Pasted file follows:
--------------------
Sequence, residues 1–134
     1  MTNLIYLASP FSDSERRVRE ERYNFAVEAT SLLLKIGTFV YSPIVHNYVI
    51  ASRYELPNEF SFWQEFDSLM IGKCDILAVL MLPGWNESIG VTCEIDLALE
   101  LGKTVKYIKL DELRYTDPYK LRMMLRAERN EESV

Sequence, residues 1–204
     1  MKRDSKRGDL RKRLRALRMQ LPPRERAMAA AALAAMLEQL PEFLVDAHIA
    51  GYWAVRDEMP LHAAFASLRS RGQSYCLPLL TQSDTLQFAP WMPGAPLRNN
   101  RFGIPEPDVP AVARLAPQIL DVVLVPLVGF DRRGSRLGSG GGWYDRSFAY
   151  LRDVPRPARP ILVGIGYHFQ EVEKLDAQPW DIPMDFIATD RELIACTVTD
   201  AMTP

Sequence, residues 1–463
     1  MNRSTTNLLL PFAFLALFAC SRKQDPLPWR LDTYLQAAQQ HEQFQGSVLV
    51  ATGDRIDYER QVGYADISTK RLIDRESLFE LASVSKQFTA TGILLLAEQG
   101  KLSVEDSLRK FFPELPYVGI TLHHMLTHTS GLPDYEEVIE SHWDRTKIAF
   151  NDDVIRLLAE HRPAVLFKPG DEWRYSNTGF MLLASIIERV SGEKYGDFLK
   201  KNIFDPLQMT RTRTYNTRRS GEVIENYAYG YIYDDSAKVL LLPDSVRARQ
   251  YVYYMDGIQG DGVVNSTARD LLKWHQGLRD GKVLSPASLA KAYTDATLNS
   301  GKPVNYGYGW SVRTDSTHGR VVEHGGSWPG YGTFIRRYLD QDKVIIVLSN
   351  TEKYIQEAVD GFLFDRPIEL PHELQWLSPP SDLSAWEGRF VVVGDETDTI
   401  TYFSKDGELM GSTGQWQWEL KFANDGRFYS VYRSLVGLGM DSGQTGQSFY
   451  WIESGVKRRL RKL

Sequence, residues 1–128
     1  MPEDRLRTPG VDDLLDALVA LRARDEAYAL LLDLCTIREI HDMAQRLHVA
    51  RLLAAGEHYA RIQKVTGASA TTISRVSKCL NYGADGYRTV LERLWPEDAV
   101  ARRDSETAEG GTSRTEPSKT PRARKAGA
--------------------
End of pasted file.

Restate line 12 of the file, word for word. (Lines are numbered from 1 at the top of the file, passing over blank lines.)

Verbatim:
     1  MNRSTTNLLL PFAFLALFAC SRKQDPLPWR LDTYLQAAQQ HEQFQGSVLV